• Ellen Irwin, or the Braes of Kirtle, st. 7 (1800)

Lines Composed a Few Miles Above Tintern Abbey (1798)

On Revisiting the Banks of the Wye During a Tour, July 13, 1798

  • Five years have passed; five summers, with the length
    Of five long winters! and again I hear
    These waters, rolling from their mountain-springs
    With a sweet inland murmur. —Once again
    Do I behold these steep and lofty cliffs,
    Which on a wild secluded scene impress
    Thoughts of more deep seclusion; and connect
    The landscape with the quiet of the sky.
    • Stanza 1
  • These beauteous forms,
    Through a long absence, have not been to me
    As is a landscape to a blind man's eye:
    But oft, in lonely rooms, and 'mid the din
    Of towns and cities, I have owed to them,
    In hours of weariness, sensations sweet,
    Felt in the blood, and felt along the heart;
    And passing even into my purer mind,
    With tranquil restoration: —feelings too
    Of unremembered pleasure: such, perhaps,
    As have no slight or trivial influence
    On that best portion of a good man's life,
    His little, nameless, unremembered acts
    Of kindness and of love.
    Nor less, I trust,
    To them I may have owed another gift,
    Of aspect more sublime; that blessed mood,
    In which the burthen of the mystery,
    In which the heavy and the weary weight
    Of all this unintelligible world
    Is lighten'd:— that serene and blessed mood,
    In which the affections gently lead us on,—
    Until, the breath of this corporeal frame
    And even the motion of our human blood
    Almost suspended, we are laid asleep
    In body, and become a living soul:
    While with an eye made quiet by the power
    Of harmony, and the deep power of joy,
    We see into the life of things.
    • Stanza 2
  • O sylvan Wye! thou wanderer thro' the woods,
    How often has my spirit turned to thee!
    • Stanza 3
  • And now, with gleams of half-extinguished thought,
    With many recognitions dim and faint,
    And somewhat of a sad perplexity,
    The picture of the mind revives again:
    While here I stand, not only with the sense
    Of present pleasure, but with pleasing thoughts
    That in this moment there is life and food
    For future years.
    And so I dare to hope,
    Though changed, no doubt, from what I was when first
    I came among these hills;
    • Stanza 3
  • For nature then
    (The coarser pleasures of my boyish days,
    And their glad animal movements all gone by)
    To me was all in all.— I cannot paint
    What then I was.
    • Stanza 3
  • The sounding cataract
    Haunted me like a passion: the tall rock,
    The mountain, and the deep and gloomy wood,
    Their colours and their forms, were then to me
    An appetite; a feeling and a love,
    That had no need of a remoter charm,
    By thought supplied, nor any interest
    Unborrowed from the eye.
    • Stanza 3
  • That time is past,
    And all its aching joys are now no more,
    And all its dizzy raptures. Not for this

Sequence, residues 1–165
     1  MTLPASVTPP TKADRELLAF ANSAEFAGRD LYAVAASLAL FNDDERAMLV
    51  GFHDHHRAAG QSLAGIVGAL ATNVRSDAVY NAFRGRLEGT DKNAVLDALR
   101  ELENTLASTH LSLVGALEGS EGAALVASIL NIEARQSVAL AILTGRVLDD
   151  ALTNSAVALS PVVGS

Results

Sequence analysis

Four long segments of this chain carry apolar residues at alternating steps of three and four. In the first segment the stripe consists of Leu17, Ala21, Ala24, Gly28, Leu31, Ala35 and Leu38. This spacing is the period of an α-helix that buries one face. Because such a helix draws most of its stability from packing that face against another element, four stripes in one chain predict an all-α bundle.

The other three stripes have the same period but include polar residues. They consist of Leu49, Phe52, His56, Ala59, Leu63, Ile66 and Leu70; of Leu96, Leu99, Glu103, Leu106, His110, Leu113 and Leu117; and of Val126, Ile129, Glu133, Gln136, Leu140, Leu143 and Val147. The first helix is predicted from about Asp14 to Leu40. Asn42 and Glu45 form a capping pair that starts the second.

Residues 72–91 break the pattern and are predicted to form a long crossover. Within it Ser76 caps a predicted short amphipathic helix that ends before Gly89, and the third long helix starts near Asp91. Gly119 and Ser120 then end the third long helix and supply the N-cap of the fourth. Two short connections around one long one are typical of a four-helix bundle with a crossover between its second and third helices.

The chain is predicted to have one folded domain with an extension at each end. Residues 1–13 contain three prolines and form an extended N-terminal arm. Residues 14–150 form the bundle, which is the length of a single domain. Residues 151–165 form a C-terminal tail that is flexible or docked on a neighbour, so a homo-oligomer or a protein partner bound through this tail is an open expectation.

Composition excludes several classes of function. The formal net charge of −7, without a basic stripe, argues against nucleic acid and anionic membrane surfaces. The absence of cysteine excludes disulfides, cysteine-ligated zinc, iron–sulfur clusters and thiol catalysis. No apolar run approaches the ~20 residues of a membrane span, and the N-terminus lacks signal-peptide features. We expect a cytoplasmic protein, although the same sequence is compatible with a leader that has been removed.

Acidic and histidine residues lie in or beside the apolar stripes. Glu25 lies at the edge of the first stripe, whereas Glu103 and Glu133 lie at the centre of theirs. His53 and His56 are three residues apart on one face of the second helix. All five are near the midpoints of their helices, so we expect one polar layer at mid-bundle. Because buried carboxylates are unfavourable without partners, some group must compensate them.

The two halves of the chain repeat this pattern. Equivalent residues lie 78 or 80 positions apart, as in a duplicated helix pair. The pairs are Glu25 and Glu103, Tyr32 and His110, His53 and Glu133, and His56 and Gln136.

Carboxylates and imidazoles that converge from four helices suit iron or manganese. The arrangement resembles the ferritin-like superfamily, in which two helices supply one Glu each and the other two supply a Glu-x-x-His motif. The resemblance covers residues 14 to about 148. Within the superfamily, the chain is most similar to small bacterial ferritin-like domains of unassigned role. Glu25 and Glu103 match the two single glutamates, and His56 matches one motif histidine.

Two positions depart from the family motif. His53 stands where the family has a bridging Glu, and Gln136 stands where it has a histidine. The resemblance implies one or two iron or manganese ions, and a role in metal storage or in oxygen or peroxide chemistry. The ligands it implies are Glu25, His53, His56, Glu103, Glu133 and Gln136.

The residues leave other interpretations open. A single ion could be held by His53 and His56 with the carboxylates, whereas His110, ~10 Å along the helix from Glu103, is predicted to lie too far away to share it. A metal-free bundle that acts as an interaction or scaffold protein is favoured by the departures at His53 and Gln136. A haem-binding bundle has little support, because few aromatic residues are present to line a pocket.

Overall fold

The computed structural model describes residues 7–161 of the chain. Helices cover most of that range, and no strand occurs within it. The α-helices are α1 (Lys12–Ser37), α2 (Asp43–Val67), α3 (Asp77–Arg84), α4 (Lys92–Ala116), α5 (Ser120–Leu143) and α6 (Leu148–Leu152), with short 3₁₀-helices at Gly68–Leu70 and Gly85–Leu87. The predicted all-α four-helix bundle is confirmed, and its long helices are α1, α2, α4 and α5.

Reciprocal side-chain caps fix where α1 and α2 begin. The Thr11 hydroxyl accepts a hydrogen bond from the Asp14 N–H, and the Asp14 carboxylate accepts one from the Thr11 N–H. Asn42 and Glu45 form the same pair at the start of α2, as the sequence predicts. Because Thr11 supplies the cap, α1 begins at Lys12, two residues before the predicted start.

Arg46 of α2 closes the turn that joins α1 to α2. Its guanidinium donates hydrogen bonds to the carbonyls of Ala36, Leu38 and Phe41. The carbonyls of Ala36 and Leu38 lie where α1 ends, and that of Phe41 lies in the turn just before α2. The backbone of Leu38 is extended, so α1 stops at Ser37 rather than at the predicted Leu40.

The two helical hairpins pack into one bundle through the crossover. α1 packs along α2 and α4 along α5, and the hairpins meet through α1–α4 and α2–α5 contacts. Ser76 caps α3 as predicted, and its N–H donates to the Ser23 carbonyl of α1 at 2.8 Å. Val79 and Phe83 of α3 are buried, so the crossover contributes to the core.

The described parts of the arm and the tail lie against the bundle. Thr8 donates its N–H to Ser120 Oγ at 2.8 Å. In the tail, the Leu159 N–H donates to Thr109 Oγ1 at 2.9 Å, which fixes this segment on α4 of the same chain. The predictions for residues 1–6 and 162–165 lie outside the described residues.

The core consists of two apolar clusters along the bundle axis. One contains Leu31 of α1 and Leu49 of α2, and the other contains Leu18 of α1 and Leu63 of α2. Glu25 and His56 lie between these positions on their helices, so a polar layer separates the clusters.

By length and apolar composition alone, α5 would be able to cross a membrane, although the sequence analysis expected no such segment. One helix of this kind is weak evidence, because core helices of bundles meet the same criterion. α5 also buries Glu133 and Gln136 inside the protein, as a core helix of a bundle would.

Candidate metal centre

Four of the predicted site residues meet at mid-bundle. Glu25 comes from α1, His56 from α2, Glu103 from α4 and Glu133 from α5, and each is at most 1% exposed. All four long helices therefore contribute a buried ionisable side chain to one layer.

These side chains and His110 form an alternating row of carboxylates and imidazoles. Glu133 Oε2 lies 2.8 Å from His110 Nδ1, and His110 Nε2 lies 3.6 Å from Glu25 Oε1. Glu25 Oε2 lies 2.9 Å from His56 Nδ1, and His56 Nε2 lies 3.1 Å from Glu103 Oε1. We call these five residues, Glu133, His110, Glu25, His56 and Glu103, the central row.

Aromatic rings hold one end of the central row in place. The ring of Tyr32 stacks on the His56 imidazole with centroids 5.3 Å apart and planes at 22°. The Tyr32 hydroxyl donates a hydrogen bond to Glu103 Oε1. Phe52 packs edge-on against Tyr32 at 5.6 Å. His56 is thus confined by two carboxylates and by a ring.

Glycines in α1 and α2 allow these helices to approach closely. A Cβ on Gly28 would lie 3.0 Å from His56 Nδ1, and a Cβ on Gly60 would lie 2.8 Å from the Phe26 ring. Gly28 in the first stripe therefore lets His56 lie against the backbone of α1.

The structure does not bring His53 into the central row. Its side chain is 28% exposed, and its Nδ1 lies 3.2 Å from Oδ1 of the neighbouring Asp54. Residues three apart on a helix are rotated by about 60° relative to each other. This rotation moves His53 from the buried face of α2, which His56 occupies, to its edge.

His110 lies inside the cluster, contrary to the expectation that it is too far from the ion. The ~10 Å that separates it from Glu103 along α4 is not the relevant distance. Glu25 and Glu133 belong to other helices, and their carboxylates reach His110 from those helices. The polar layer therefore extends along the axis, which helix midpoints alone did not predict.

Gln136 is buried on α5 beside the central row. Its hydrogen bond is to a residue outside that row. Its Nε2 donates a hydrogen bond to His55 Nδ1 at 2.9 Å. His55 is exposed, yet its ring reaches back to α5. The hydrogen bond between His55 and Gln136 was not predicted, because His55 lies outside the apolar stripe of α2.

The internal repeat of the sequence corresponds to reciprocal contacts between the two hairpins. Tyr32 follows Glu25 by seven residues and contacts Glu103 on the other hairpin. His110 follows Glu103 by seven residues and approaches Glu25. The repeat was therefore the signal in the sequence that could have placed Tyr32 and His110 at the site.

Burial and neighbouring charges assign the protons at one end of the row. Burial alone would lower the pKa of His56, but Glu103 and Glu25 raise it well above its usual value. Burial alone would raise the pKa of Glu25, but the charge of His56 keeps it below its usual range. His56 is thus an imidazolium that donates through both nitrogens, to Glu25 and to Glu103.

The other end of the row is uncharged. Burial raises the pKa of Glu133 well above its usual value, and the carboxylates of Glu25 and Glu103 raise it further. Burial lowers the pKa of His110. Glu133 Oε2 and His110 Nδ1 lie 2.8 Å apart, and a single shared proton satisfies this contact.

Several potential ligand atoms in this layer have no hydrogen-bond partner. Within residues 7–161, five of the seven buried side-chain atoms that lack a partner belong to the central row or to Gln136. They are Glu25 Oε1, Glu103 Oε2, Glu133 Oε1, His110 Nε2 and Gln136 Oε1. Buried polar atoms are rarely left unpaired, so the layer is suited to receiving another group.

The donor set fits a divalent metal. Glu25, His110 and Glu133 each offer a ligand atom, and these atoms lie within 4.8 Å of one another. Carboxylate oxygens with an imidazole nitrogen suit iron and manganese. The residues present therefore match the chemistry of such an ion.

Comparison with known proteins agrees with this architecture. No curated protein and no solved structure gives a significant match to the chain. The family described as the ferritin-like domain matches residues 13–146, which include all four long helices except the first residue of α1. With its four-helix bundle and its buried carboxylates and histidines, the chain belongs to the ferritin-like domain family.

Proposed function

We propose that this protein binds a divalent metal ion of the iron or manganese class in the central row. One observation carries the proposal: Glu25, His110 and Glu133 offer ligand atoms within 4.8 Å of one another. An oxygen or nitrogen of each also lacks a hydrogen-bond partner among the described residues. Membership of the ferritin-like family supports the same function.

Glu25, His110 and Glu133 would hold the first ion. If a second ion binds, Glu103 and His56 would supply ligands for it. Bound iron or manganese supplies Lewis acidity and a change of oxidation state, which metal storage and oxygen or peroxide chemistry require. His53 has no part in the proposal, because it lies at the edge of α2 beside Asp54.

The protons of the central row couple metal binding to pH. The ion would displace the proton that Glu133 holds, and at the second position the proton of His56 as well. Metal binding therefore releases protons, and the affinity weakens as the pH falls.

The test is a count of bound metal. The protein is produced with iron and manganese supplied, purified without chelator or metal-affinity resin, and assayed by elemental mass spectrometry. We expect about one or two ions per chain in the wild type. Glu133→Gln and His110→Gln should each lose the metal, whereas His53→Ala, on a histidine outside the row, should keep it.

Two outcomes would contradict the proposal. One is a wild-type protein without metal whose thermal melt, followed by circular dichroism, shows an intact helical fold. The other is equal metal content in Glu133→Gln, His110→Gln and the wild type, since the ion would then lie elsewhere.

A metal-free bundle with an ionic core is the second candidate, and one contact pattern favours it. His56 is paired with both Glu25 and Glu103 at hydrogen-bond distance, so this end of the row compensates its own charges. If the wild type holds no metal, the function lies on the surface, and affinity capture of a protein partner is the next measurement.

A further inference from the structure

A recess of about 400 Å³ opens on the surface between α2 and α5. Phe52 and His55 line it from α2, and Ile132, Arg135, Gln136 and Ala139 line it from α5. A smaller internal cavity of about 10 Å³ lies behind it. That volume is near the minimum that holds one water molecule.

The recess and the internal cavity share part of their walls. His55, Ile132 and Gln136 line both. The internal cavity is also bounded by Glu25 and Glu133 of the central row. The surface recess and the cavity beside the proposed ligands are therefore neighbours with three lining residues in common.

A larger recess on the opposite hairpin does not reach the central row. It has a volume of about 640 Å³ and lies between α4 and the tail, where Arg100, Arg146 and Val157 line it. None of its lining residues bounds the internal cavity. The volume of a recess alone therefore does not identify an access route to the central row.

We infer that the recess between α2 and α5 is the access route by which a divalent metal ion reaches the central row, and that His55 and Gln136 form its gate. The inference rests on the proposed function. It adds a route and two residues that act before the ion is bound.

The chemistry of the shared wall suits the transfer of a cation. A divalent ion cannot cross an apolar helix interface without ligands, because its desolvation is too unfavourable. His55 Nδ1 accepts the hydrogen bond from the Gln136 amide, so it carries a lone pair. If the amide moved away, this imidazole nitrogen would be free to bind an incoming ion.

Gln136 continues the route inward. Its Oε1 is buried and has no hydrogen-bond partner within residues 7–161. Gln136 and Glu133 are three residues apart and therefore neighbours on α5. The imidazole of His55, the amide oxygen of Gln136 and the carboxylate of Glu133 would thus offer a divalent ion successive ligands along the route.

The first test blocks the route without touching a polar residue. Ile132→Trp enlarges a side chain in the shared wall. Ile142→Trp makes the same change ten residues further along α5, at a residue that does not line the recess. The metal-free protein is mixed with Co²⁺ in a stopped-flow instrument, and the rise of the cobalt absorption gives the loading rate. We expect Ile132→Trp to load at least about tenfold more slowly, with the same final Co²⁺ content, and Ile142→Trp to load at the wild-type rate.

Faint I, nor mourn nor murmur, other gifts
    Have followed; for such loss, I would believe,
    Abundant recompence. For I have learned
    To look on nature, not as in the hour
    Of thoughtless youth; but hearing oftentimes
    The still, sad music of humanity,
    Nor harsh nor grating, though of ample power
    To chasten and subdue.
    And I have felt
    A presence that disturbs me with the joy
    Of elevated thoughts; a sense sublime
    Of something far more deeply interfused,
    Whose dwelling is the light of setting suns,
    And the round ocean and the living air,
    And the blue sky, and in the mind of man;
    A motion and a spirit, that impels
    All thinking things, all objects of all thought,
    And rolls through all things.
    Therefore am I still
    A lover of the meadows and the woods,
    And mountains; and of all that we behold
    From this green earth; of all the mighty world
    Of eye, and ear,—both what they half create,
    And what perceive; well pleased to recognise
    In nature and the language of the sense,
    The anchor of my purest thoughts, the nurse,
    The guide, the guardian of my heart, and soul
    Of all my moral being.
    • Stanza 3
  • Nor, perchance,
    If I were not thus taught, Should I the more
    Suffer my genial spirits to decay:
    For thou art with me here upon the banks
    Of this fair river; thou, my dearest Friend,
    My dear, dear Friend; and in thy voice I catch
    The language of my former heart, and read
    My former pleasures in the shooting lights
    Of thy wild eyes. Oh! yet a little while
    May I behold in thee what I was once,
    My dear, dear Sister! And this prayer I make,
    Knowing that Nature never did betray
    The heart that loved her
    ; 'tis her privilege,
    Through all the years of this our life, to lead
    From joy to joy: for she can so inform
    The mind that is within us, so impress
    With quietness and beauty, and so feed
    With lofty thoughts, that neither evil tongues,
    Rash judgments, nor the sneers of selfish men,
    Nor greetings where no kindness is, nor all
    The dreary intercourse of daily life,
    Shall e'er prevail against us, or disturb
    Our cheerful faith that all which we behold
    Is full of blessings.
    • Stanza 4
  • If I should be, where I no more can hear
    Thy voice, nor catch from thy wild eyes these gleams
    Of past existence, wilt thou then forget